I was given this book on the very day I first disclosed to any adult that I had been abused. I confessed my story point-blank to my then-psychiatrist and after he finished his teary response to what I’d said, he went to his bookshelf (the best of them always have robust bookshelves) and fetched me his own copy of this book.
Van der Kolk is a psychiatrist who has treated trauma patients for decades and in his book, he shares stories from his time practicing as well as fundamental contentions he’s unearthed about trauma and how physically ingrained into our bodies it is. Ultimately, he argues, trauma is an urgent health issue in many ways. He tells the tale in a hauntingly personal narrative that set the framework for my understanding the effect that the trauma I’ve endured has had on my body and mind.
Whether you’ve survived a “capital-T Trauma” or have subsisted on lowercase-t’s or just have old happenings stored in your body, you’ll likely find some worthwhile anecdotes in Van der Kolk’s telling.
Life Without Ed: How One Woman Declared Independence from Her Eating Disorder and How You Can Too, by Jenni Schaefer
This book was required reading for the eating disorder program that I graduated from. In it, Schaefer frames an eating disorder as an abusive voice that co-exists with other voices inside one’s head. The head of my program at the time agreed with Schaefer, further challenging us to understand our minds as hosts of a peanut gallery of voices, and we can choose to listen to any we like.
That being said, Ed’s voice is notoriously powerful and abusive. Schaefer walks the reader through understanding exactly how Ed works, why he’s harmful, how he gets away with it, and how to stop him from getting away with it, anymore.
What Made Maddy Run: The Secret Struggles and Tragic Death of an All-American Teen, by Kate Fagan
I heard about Maddy’s story when I was very new to the mental illness treatment scene. I’d only just acquired a therapist and hadn’t even been introduced to a psychiatrist. The book is essentially a memoir of Madison Holleran, a former University of Pennsylvania track athlete who died by suicide in 2014.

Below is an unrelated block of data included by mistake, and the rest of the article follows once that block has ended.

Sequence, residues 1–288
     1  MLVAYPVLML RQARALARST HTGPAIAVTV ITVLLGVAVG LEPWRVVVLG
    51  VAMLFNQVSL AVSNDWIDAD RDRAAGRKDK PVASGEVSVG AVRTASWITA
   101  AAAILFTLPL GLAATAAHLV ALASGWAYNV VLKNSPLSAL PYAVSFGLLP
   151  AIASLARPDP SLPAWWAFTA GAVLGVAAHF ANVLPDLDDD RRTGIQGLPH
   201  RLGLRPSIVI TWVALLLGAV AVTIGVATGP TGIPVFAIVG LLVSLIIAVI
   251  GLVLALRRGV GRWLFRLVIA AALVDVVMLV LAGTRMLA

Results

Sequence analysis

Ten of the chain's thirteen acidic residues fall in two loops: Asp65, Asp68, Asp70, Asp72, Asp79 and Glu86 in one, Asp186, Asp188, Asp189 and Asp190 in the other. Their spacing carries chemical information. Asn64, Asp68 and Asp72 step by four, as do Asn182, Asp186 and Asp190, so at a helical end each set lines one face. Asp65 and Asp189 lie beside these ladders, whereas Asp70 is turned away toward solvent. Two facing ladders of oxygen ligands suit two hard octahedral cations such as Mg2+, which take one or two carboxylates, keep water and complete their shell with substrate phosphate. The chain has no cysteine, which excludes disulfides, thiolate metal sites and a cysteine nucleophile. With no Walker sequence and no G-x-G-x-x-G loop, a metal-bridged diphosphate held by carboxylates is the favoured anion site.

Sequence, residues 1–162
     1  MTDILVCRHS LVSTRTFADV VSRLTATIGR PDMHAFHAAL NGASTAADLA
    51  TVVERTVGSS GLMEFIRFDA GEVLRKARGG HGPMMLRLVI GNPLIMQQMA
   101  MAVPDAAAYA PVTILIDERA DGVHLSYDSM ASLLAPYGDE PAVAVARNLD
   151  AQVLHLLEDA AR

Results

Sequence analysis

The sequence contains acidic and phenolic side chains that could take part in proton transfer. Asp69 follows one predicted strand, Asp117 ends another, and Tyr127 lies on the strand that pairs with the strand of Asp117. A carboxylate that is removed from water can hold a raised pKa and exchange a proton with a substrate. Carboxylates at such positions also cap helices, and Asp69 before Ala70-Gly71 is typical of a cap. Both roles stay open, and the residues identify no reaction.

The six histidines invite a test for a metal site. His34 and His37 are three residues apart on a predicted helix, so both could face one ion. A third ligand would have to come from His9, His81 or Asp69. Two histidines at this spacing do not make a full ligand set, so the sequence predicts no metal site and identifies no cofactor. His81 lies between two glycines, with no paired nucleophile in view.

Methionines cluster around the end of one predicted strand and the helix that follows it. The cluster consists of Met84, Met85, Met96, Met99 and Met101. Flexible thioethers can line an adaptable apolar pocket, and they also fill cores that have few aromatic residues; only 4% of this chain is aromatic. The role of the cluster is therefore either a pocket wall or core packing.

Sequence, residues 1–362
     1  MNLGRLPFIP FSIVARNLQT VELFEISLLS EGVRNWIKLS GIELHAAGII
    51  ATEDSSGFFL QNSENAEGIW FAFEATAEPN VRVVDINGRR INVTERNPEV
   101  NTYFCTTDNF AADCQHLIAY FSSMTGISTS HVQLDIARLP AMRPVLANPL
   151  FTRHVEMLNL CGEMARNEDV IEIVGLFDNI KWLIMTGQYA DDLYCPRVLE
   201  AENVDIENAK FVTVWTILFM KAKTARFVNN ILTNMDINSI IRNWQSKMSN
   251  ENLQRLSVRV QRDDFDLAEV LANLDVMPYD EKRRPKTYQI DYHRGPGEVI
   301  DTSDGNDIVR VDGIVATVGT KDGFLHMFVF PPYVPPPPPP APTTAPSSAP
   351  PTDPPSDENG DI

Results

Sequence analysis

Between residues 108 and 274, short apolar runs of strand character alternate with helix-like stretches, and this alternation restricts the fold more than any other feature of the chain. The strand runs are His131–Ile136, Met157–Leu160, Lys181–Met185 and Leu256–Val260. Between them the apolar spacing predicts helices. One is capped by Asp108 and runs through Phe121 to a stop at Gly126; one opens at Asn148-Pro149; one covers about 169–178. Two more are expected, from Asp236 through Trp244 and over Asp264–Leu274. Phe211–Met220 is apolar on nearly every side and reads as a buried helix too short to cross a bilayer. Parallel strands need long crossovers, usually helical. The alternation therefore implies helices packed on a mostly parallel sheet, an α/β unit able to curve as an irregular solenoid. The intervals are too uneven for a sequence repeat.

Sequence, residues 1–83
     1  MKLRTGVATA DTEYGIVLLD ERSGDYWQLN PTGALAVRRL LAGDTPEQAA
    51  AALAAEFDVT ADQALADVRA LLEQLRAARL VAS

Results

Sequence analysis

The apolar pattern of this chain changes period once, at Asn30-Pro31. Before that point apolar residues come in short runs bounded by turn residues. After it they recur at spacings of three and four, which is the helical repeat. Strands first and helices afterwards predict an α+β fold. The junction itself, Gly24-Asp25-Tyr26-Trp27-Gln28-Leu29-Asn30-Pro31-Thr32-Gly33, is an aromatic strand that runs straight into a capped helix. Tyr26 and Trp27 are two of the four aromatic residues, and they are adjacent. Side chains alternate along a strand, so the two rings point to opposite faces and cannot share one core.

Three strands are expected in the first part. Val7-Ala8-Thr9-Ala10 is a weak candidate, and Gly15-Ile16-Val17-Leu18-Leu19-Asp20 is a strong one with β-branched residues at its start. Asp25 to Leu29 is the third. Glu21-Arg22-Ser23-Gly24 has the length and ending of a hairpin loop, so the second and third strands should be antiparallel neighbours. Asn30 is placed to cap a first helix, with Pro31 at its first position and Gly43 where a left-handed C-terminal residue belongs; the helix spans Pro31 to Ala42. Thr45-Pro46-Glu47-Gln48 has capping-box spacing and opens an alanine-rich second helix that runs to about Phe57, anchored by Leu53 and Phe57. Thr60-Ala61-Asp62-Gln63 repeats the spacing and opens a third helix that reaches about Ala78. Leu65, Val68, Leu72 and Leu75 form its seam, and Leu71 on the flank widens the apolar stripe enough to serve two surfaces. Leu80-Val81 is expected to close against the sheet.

The story was a real headliner at the time, for Holleran was beautiful, athletic, well liked, and smart enough to go to UPenn. She was the perfect example of the last person that mental illness stereotypes would have you believe could kill themselves. Yet, she leapt from atop a building in Philadelphia. Few could understand how such a tragedy was possible. This book makes it possible, and it is a sobering highlight of how suicide slashes across racial, ethnic, socio-economic, educational backgrounds. When I read about Holleran as I entered into freshman year with an aching brain, I was able to ground myself. I felt less ashamed knowing that anyone, regardless of popular suspicion, could go through what I was going through, and it wasn’t ridiculous or far-fetched. It was real.
The Planet Trillaphon as It Stands in Relation to the Bad Thing, a short story by David Foster Wallace
David Foster Wallace is a classic American author who, like Plath, ended his life via suicide, and is both a marvelous wordsmith and problematic in his treatment and discussion of women. Setting those issues aside, he wrote a peculiar little story in his early, Amherst days about being on an antidepressant. The medication is Trillaphon, and the Brown-attending student narrator likens being on the pill to being on another planet. The narrator is on meds after a suicide attempt, and he titles his depression “The Bad Thing.”
A more vivid description of depression and its medicated state I’ve never before read, and Wallace’s jumpy, carry-on style is even more relatable to me and my inner voice than Plath’s is. Wallace is an essential read, and his work on mental illness is the most essential of it all. Google the title of the story (that I won’t bother to type out again) and devote a few minutes to it. You’ll emerge befuddled and concerned, but Infinitely wiser.